Robinsons exits S'pore after 162 years but here's why heartland malls might survive

SINGAPORE (THE BUSINESS TIMES) – Department store Robinsons closed its last outlet in Singapore early this year after 162 years of operations. It shows how retail operators with physical outlets are struggling amid the relentless rise of online shopping.

But take pause – don’t write off all properties exposed to retail sales just yet. Here’s why investors should take a closer look at heartland malls.

Ready catchment

Suburban malls are often centrally located within HDB townships with good connectivity to MRT lines and bus interchanges. What this translates into is a ready catchment population for the mall.

There are strict planning guidelines in Singapore, so it is not easy for another mall to be built near an incumbent suburban mall and draw shopper traffic away.


With the trend for a higher work-from-home component, suburban malls benefit from residents, who are living nearby, spending more time in the neighbourhood. An office worker who previously patronised food and retail outlets in the Central Business District during lunch hour may now be doing the very same activities at the suburban mall near home.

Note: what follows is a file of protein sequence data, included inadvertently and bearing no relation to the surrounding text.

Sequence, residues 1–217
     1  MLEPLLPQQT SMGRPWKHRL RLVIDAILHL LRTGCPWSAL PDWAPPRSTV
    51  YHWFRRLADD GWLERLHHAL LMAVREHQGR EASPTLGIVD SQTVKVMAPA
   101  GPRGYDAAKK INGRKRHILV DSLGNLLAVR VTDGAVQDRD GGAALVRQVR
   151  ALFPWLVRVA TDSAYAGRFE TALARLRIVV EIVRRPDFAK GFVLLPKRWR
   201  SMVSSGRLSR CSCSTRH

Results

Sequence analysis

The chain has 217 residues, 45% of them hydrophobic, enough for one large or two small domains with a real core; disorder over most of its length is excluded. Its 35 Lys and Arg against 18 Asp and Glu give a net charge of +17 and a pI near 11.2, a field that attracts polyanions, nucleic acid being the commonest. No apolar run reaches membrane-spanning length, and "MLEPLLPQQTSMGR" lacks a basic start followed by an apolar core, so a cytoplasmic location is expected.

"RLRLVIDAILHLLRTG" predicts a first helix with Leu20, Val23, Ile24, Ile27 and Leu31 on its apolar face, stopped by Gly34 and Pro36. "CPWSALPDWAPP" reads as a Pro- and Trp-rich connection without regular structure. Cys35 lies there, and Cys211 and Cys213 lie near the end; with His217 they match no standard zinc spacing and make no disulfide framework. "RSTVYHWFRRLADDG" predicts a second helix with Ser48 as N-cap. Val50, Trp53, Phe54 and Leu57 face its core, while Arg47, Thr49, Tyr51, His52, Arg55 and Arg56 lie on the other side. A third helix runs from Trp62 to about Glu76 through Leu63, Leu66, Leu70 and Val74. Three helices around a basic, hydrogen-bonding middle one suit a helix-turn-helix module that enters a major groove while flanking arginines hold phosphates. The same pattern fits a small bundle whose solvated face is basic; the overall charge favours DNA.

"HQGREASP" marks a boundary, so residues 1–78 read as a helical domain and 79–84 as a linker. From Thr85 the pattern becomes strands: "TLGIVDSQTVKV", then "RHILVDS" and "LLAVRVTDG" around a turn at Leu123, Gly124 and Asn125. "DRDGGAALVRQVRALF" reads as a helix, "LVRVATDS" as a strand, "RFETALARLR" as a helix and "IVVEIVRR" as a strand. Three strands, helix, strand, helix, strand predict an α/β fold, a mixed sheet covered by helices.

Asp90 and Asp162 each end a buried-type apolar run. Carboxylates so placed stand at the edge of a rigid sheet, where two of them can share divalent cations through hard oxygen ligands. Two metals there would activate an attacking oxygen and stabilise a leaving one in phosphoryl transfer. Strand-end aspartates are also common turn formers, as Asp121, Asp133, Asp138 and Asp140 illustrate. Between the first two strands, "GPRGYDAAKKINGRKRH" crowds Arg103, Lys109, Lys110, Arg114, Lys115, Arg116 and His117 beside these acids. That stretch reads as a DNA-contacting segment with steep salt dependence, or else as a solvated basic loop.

Essential vs non-essential

Suburban malls tend to have higher exposure to essential services such as food and beverage outlets, supermarkets and pharmacies than central malls. In Frasers Centrepoint Trust’s (FCT) case, around 45 per cent of net lettable area is occupied by providers of essential services compared with an estimated 20 per cent to 30 per cent for a central mall.

Community bonding

Could the suburban malls be thriving at the expense of the around-15,000 shops that the HDB has? The HDB is conducting a study to look at the value of HDB heartland shops and see how they can stay viable.

What suburban malls can aspire to is to go beyond being a convenient place to shop and dine to forging bonds with the communities they serve.

Be the first port of call for budding entrepreneurs from the neighbourhood to set up shop by sharing risks with the new entrepreneur. Support active ageing in the community, and partner with schools and social service organisations to carry out activities that benefit the less privileged in the vicinity.

They should also assume leadership in adopting environmental best practices to appeal to the climate conscious.

Tale of two cities

Valuation for suburban malls held by CapitaLand Integrated Commercial Trust such as Tampines Mall (pictured) and Junction 8 dipped by around 1 per cent. ST PHOTO: LIM YAOHUI

Orchard Road, city centre and destination malls may struggle while suburban malls should thrive. CapitaLand marked down the valuation of Ion Orchard and Jewel Changi Airport by 8 per cent and 17 per cent respectively as at end-2020 compared with a year ago.

Valuation for suburban malls held by CapitaLand Integrated Commercial Trust (CICT) such as Tampines Mall and Junction 8 dipped by around one per cent over the same period. But CICT recorded steeper valuation declines for integrated developments with substantial retail component in the city area of 4 per cent and 6 per cent for Plaza Singapura and Raffles City, respectively.

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